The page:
- I want to set aside money for my child for post-secondary education expenses, but my husband and I didn’t want to assume he’ll go to college.
- I’m Canadian, so there could be a chance my son will go to college there, meaning the 529 plan wouldn’t get the tax advantages that make it so appealing.
- Instead, we opted to save money in a high-yield savings account and a Roth IRA to fund his future plans, whatever they may be.
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We all want our children to have the best opportunities in life – I know I certainly do.
Aside from providing them with the basic necessities, I want to ensure that my son doesn’t have to worry about the stress of paying for college.
Considering student loan debt climbed to more than $US1.4 trillion, with the average amount per borrower was $US34,144 in 2017, I’m naturally a bit concerned, especially since my son still has at least 10 years before we even have to worry about college applications.
In other words, who knows how much college will cost by that point. I certainly don’t want to take out a large loan nor do I want him to, if we can help it.
For many parents, a 529 plan seems like a logical way to go when saving for their child’s education. After all, they’re tax-advantaged accounts – your contributions don’t count as part of your taxable income, your earnings grow tax-free, and if you withdraw money for qualified education expenses, you’re not subject to federal taxes (in most cases, state taxes as well).
However, I’m not one of those parents. That’s not to say I don’t care about saving money on taxes or that I don’t want to contribute to my son’s college fund. Quite the opposite.
I’ll be saving for my son’s education, but I won’t be using a 529. Here are my reasons why.
We can’t predict the future
The truth is, 10-plus years is a long time and we never know what will happen. I don’t exactly live by YOLO (you only live once) philosophy, but I’m realistic in that things change between now and then. As in, even if my son expresses an interest in college when he’s in middle or high school, doesn’t mean that’s what he’ll end up doing by the time he’s turning 18.
I also don’t want to assume that’s his path because, frankly, he’s his own person and is entitled to do what he wants with his life. That means if he wants to become a plumber and train by apprenticing with an experienced professional, that’s fine with me.
In this case, a 529 plan doesn’t make sense – you’ll face tax penalties in addition to federal (and possibly state) taxes if you use the money for nonqualified expenses. While I know what counts as qualified expenses can vary wildly, who knows if that will change or what my son wants to do when he’s older will fall under what’s considered qualified.
It makes more sense for us to invest money in other ways that allows us to grow our money while maintaining flexibility in how that money can be used.
We could be living in another country
My husband and I have been nomadic for as long as we can remember – we’ve lived overseas for a number of years and travelled to a dozen more countries. Even my son was born in China!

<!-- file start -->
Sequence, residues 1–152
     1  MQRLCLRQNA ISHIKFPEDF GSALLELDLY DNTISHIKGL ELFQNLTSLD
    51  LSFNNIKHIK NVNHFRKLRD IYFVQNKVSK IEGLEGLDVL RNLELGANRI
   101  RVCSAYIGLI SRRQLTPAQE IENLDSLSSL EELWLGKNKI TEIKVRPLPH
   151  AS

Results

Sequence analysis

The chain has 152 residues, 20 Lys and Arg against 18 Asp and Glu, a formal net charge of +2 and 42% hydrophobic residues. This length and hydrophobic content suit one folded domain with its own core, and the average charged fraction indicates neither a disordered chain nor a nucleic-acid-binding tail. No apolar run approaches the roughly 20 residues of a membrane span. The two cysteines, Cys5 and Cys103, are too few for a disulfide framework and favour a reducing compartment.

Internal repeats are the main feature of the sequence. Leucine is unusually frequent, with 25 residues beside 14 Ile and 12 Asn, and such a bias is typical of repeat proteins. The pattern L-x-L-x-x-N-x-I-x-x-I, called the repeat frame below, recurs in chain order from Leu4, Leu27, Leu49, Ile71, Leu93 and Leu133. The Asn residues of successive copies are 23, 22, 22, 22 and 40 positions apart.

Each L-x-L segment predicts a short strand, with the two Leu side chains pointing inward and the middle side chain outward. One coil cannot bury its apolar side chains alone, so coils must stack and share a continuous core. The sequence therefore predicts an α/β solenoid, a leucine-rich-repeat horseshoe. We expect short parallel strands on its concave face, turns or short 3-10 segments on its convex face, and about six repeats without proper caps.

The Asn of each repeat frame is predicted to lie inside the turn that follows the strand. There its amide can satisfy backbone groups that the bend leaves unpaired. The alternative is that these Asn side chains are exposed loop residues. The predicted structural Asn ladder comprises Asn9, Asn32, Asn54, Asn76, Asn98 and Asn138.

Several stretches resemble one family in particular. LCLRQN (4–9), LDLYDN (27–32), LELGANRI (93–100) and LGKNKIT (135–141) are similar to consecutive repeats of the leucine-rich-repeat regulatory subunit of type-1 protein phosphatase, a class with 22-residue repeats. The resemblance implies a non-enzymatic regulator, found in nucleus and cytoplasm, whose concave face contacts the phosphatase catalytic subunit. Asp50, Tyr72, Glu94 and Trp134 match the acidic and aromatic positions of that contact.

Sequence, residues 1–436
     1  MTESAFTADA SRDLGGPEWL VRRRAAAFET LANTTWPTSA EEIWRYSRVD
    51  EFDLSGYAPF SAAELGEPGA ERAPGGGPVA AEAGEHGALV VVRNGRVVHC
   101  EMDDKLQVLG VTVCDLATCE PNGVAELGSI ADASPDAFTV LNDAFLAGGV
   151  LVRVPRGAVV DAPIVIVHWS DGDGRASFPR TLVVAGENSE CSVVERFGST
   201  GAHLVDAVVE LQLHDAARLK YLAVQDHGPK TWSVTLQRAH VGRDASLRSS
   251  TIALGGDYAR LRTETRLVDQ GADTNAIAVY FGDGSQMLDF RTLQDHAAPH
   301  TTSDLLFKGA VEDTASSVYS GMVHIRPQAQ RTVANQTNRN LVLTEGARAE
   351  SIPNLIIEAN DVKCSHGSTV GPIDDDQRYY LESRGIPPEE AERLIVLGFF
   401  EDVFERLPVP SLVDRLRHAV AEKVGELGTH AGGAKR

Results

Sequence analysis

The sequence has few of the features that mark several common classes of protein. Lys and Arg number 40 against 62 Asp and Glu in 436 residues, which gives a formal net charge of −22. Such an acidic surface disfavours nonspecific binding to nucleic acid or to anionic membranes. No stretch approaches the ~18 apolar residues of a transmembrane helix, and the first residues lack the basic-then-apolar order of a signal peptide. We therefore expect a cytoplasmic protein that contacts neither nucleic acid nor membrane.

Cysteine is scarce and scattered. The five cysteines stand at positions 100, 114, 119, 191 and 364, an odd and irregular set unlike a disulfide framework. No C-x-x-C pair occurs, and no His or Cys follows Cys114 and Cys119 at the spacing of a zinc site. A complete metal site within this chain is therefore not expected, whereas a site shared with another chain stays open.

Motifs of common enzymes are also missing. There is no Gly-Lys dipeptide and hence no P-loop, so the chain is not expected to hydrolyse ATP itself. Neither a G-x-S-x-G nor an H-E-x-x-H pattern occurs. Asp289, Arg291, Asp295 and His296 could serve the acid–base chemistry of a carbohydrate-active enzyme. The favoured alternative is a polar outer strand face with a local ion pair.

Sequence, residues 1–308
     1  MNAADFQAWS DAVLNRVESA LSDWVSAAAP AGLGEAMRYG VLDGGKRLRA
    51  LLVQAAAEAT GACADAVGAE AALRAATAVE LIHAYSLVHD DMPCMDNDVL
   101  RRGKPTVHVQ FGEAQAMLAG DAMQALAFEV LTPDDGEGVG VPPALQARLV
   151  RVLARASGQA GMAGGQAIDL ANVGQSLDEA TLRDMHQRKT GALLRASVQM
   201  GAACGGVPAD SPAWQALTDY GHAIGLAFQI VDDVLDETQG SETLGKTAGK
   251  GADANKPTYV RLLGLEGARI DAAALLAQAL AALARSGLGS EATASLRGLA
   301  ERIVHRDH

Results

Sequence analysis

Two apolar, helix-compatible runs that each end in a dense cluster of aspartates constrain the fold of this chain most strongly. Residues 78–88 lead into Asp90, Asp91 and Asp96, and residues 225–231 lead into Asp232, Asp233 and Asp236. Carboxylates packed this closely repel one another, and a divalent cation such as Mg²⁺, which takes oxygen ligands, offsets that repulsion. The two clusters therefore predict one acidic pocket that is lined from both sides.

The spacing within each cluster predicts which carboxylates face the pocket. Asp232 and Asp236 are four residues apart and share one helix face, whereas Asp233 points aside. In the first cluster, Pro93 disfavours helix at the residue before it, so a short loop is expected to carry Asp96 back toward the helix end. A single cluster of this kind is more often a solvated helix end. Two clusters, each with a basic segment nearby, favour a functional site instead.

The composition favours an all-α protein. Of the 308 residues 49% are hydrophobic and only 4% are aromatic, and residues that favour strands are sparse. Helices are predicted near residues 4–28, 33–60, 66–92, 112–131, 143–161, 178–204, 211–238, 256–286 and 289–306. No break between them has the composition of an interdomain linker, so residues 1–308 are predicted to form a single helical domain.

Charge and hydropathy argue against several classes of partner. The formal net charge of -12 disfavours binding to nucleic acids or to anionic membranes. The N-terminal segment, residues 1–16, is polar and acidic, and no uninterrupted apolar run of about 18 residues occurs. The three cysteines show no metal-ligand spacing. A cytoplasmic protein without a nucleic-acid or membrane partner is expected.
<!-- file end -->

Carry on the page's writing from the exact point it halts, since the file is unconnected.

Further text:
To make matters more complicated, I’m Canadian. As in, we could end up living there in the foreseeable future, and my son could end up going to school there.
If he does, that could make contributing to and potentially withdrawing from a 529 more complicated. While funds from a 529 can be used at any institution that qualifies for Title IV federal student aid (including many in Canada), the laws vary by state for each different 529. My son is lucky he has a bunch of options for post-secondary education, so we want to make sure that our savings can go towards that.
We opted for a more flexible option
Like I mentioned before, we’re still putting money for my son for when he’s older. Instead of opting for a 529 plan, we’re doing a combination of a high-interest savings account and a Roth IRA (in my name, not his). The savings account is for when friends and family want to contribute money and for him to start learning how to manage money when he’s a little bit older.
The Roth IRA works as an investment vehicle because we believe it’s more flexible for our needs. Since we can withdraw contributions without a penalty, we can opt to do that if our son needs money once he reaches 18. Otherwise, if he does decide to go to college, we can also withdraw money tax-free from our Roth IRA as long as it counts as a qualified education expense.
A 529 isn’t for everyone
There are a lot of benefits to a 529 plan – tax deferred earnings, tax free withdrawals for qualified educational expenses and money set aside for your child for their education – but it’s not for everyone. After weighing the pros and cons, we decided it wasn’t worth the risk. But if you and your family decide that a 529 plan makes sense, do your research and good luck!
Editor’s note: This post has been updated to clarify that the tax laws for 529s vary by state, and funds from 529s can be used for some schools outside of the US.
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